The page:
–Industry-sponsored study questions current guidelines on dietary sugar.
Dietary guidelines relating to sugar— all of which recommend significant reductions in sugar intake— are based on weak evidence and are not trustworthy, according to a systematic review published in Annals of Internal Medicine.
But an accompanying editorial points out that the systematic review is itself not trustworthy, since it was funded by an organization supported by the food and beverage industry.
The review authors, led by Bradley C. Johnston, PhD, of the Hospital for Sick Children Research Institute in Toronto, identified and scrutinized nine guidelines, including those from the U.S. Department of Agriculture and the World Health Organization. The conclusion: methodologies used to develop the guidelines had “major limitations” and that their recommendations, including reducing sugar intake, were supported by evidence of “low to very low” quality.
“All of the reviewed guidelines suggested a decrease in consumption of nonintrinsic sugars,” the authors wrote. “Although the overall direction was consistent, the rationale and evidence used to make each recommendation were inconsistent. This lack of evidentiary consistency, with various health concerns cited, creates confusion for practitioners and the public about the role that sugar plays in health.”
Johnston and colleagues emphasized that they were not saying sugar is harmless. “Sugar added to products adds considerable calories without any nutritional benefits and may take the place of other nutrient-dense foods in the diet,” they wrote, noting that reducing consumption “at a population level may result in a reduction in caloric intake and a subsequent decrease in the rate of overweight and obesity.”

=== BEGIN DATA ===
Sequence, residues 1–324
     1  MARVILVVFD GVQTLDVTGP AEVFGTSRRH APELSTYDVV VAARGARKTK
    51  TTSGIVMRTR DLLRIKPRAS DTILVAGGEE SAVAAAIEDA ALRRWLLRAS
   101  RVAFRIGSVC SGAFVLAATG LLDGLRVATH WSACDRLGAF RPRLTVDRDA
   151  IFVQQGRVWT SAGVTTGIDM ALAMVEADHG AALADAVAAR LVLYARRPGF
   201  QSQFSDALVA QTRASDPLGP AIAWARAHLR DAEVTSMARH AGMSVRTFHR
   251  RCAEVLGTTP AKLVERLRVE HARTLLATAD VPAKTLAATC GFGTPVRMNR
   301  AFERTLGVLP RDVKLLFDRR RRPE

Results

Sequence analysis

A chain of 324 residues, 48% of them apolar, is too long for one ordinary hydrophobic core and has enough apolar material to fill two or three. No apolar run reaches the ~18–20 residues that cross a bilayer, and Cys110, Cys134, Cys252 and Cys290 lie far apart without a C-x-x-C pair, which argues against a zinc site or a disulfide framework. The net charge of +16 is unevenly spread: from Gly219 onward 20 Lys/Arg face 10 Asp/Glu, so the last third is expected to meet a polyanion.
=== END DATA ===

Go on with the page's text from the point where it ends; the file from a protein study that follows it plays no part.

Rather, they argued that the evidence base remains too spotty and tainted by interest groups. What is needed, they said, was more rigor, more transparency, and more specificity in the dietary recommendations. “At present, there seems to be no reliable evidence indicating that any of the recommended daily caloric thresholds for sugar intake are strongly associated with negative health effects,” they argued.
But the organization that funded the study, the North American branch of the International Life Sciences Institute (ILSI), is itself funded by Coca-Cola and other soda and candy manufacturers.
“In essence, this study suggests that placing limits on ‘junk food’ is based on ‘junk science’,” wrote Dean Schillinger, MD, and Cristin Kearns, DDS, MBA, of the University of California San Francisco in an accompanying editorial.
“Similar claims were made by the tobacco industry in its attempt to discredit evidence on the harms of tobacco,” they observed.
In response to the claim that the different guidelines are inconsistent, they noted that the guidelines were produced over more than 20 years, and that the more recent guidelines “show remarkable consistency.” They called the Annals review “an example of the ‘politicization of science’” citing other ILSI activities in defense of the interests of food and beverage companies. They recommend that journals should “refrain from publishing studies on health effects of added sugars funded by entities with commercial interests in the outcome.”
Dietary guidelines have been the subject of considerable controversy. The latest update of the USDA guideline came under fire in a BMJ investigation by journalist Nina Teicholz, a well-known defender of low-carb diets. Her claim that the USDA guideline was biased against saturated fats itself became the subject of intense criticism from the nutritional mainstream supporting the USDA.
Teicholz and the Annals authors are on opposite sides of the sugar debate, but Teicholz said she agrees with the Annals authors that dietary guidelines “are not based on systematic, comprehensive reviews of the most rigorous science.” She said that guidelines should “be based on strong science; otherwise, they’re open to bias and group think—as we’ve seen with the recommendations on fat and cholesterol, which then had to be reversed. The historical evidence certainly points to sugar as a prime suspect in causing nutrition-related diseases, but if the government is going to make a policy on this issue, then it should to do the rigorous clinical trials needed to provide the necessary evidence.”